This post is part of my ‘Reading with Dyslexia’ series. The first in the series is all about SOUNDS.

Keep in touch to access the full reading series that will be uploaded here over the next few weeks.




Learning to read is an essential life-skill.  Reading fluently, with good understanding, has a tremendous impact on your child’s progress at school and their later future.

Reading for dyslexic children can be very difficult. Getting sounds, phonics and words into their long-term memory is not an easy task. However, my experience has shown me that using alternative techniques, and with support at home, dyslexic children can and will master the ability to read.

When my children were growing up, although they loved stories, reading became a scary monster. Even getting them to read small words was impossible. I could visibly see their panic rise when they had to confront the words. However, with a few changes to how we approached the task, my children (and I) learnt to love reading together again.

My ‘Reading with Dyslexia’ series is a step-by-step guide to support your children with reading at home. Part One in the series is ‘sounds’.


Before you do anything else when it comes to teaching your child to read, ‘sounds’ need to be learned.  Often dyslexic children do not process all the sounds in words correctly, which impacts their reading and spelling progress.  This is not always obvious to parents or teachers.  Also, bear in mind that even if your child knows their phonics, they may still be experiencing difficulty with their phonological awareness. Intervention in this area has proven to be incredibly useful! 


1. Get your child to read and pronounce every sound (phonically) in the alphabet

Make sure all of the sounds in the alphabet are in their long-term memory and can be retrieved automatically before you move on. This can be done very only with alphabet letters (lower case) or alphabet picture cards. 

Alphabet Lotto app picture 1Alphabet Lotto app picture 2

2. Once your child can say the sounds, see if they can relate the sounds to words

Say a word and ask them to tell you what sounds make up the words, e.g. MOP, CAT, DIG, and PEN.  Then ask them to tell you the first, middle and last sound in a word.   You could also show them a picture or point to an object and ask them to say the last sound that makes up that word.  Keep working on these until they’re mastered. Try out other simple words to keep the exercise interesting.

(Remember this is all about sounds so your child will not be looking at actual words).

3. Next work on syllables. Ask your child to clap and sound out the syllables across a variety of words, such as






Then ask them to tell you the first, second, third or last sounds in these words.   E.g. point to a watermelon and ask your child “what is the second sound in watermelon?”  Make sure they’re getting all the vowel sounds correct as this is often tricky.  If they make a mistake, repeat the syllable and exaggerate the exact sound – ask them to repeat it back to you.  It may take a few times to get it right. Reinforcement is significant.

4. Alliteration - finding words with the same starting sound

It’s essential to be able to find words that have the same starting sound when it comes to reading.  Say a word or point to a picture and ask your child to give you a few words that sound the same.  E.g. look to a dog and ask for words that start with the same sound as a dog.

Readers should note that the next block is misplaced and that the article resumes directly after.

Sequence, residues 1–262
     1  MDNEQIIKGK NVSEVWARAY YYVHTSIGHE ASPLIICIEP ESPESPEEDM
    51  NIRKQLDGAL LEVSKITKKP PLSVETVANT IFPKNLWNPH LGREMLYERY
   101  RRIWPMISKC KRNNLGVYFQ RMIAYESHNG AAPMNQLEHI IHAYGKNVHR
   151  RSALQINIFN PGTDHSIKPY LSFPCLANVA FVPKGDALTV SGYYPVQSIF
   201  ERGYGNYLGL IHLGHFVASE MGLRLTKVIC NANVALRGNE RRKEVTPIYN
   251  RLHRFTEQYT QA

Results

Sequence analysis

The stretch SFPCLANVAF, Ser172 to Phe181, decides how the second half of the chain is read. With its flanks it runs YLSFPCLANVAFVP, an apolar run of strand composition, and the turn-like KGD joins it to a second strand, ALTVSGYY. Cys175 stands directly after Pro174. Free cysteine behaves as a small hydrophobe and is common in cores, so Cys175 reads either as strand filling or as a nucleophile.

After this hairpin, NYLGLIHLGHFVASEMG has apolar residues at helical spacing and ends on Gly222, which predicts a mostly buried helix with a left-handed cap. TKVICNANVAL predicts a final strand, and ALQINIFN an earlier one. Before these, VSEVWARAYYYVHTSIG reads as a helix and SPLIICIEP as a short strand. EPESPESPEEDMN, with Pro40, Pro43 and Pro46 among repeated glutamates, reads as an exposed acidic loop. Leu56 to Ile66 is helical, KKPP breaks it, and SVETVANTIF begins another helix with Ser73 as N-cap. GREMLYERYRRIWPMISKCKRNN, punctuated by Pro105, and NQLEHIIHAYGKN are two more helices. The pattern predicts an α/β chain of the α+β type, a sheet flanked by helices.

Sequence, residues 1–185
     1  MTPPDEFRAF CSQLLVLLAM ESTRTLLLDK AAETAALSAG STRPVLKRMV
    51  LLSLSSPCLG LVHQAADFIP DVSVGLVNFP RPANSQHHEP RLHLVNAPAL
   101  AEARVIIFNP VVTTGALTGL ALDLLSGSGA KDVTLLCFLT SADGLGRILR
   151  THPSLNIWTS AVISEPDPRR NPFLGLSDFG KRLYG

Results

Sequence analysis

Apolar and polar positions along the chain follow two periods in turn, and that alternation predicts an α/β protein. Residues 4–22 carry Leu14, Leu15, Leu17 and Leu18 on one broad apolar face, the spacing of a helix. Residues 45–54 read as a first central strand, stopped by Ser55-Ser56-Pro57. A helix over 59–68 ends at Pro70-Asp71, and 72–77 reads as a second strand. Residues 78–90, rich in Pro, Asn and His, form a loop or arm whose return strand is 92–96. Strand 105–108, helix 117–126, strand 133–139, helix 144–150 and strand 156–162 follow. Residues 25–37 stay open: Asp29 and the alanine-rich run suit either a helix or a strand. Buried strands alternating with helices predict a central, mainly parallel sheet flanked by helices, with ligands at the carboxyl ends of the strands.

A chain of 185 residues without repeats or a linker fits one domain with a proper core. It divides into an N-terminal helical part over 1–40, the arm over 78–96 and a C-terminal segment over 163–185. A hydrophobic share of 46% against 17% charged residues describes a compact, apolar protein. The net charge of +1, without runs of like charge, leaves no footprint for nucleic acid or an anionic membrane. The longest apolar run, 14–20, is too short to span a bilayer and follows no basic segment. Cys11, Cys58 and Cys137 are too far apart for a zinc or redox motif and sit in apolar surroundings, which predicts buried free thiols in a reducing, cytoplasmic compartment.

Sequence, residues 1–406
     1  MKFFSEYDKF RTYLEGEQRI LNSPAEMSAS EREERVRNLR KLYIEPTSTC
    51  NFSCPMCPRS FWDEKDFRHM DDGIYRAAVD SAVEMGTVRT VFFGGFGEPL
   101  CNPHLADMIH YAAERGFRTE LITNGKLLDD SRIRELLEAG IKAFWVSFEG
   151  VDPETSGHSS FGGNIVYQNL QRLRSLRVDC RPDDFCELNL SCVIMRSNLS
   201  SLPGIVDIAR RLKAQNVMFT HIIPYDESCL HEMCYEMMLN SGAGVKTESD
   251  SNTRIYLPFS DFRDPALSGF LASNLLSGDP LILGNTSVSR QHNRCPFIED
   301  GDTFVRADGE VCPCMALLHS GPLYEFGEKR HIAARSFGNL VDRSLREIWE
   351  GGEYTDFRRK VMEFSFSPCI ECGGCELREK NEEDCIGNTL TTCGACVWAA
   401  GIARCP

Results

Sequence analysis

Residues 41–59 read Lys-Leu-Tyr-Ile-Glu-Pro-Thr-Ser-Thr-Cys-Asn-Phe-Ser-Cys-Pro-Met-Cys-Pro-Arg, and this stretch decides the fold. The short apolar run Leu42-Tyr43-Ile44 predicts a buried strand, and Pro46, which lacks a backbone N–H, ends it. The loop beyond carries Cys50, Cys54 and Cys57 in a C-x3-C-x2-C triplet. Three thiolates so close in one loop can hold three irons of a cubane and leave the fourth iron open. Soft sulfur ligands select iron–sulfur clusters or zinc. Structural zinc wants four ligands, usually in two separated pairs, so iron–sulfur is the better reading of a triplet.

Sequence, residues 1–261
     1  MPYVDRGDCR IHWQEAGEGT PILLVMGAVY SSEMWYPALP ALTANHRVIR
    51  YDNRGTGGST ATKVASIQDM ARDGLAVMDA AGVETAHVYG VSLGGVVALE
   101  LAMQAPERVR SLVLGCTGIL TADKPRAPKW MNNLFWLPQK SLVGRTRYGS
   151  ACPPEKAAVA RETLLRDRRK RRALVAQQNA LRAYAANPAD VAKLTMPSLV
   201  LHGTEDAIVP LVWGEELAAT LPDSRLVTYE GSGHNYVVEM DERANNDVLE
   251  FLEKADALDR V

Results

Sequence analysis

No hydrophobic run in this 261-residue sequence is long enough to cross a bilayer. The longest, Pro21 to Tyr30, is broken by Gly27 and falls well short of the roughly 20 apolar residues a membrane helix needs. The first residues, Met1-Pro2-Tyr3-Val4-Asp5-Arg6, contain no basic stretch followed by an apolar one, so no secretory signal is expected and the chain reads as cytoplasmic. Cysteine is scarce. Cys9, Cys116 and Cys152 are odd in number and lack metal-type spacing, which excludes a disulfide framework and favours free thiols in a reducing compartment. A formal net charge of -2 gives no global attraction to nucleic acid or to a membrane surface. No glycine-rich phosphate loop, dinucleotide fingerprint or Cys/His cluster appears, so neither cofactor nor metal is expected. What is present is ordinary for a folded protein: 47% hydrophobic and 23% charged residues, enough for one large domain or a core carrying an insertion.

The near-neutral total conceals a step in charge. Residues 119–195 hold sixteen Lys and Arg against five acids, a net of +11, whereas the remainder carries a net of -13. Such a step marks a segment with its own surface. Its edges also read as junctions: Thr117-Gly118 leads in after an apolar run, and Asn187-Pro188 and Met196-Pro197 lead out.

5. Finally, the ability to rhyme will help their understanding of sounds

Say a word and ask your child to tell you other words that rhyme or sound the same.



It’s vital that learning is fun – even more so with dyslexic children to play to their visual-memory strengths. Here are some games you can play with your child to help them grasp the above steps.

1. Eye spy with my little eye

We always loved playing eye spy in the car. It also stopped moans from the back seat!

Play “eye spy with my little eye, something beginning with the sound…” while driving to and from school, or while in the car on days out. Once your child has got good at naming objects beginning with a letter, make it more challenging and switch the game to “ending with the sound…”

2. Orchard Alphabet Lotto and Match & Spell Game

Orchard games, Alphabet Lotto and Match & Spell, are fantastic for helping your child learn in a different environment to school. We’ve always used them in my house. They provide great entertainment. You can buy many Orchard games second-hand on local-community selling sites such as eBay and Facebay too.

3. Silly rhyme time

Nursery rhymes are great at helping children hear what sounds rhyme and what sounds don’t. Your child will probably, however, get to an age where nursery rhymes aren’t as engaging. When you get here, it’s time to make up your own!  Sing silly rhymes at home and while out and about. Ask your child to join in and make up their own. The more ridiculous, the better. They’ll love the game and have no idea they’re learning.

4. BrainBox games

I love Brain Box’s website as it has some fabulous games like Syllable Swop and Sound Snap. Both games will help develop sounds skills.

5. Apps

There are brilliant apps to help with sound appreciation.  My favourites are:

App picture 3App picture 3

6. Websites

Some educational websites have games on them for supporting sounds. is a favourite of mine to help with developing letter-sound links.

Drop me a note if you’d like more tips to support your child with reading.

Keep in touch for the next post in my Reading with Dyslexia series. Step two is HIGH-FREQUENCY WORDS.

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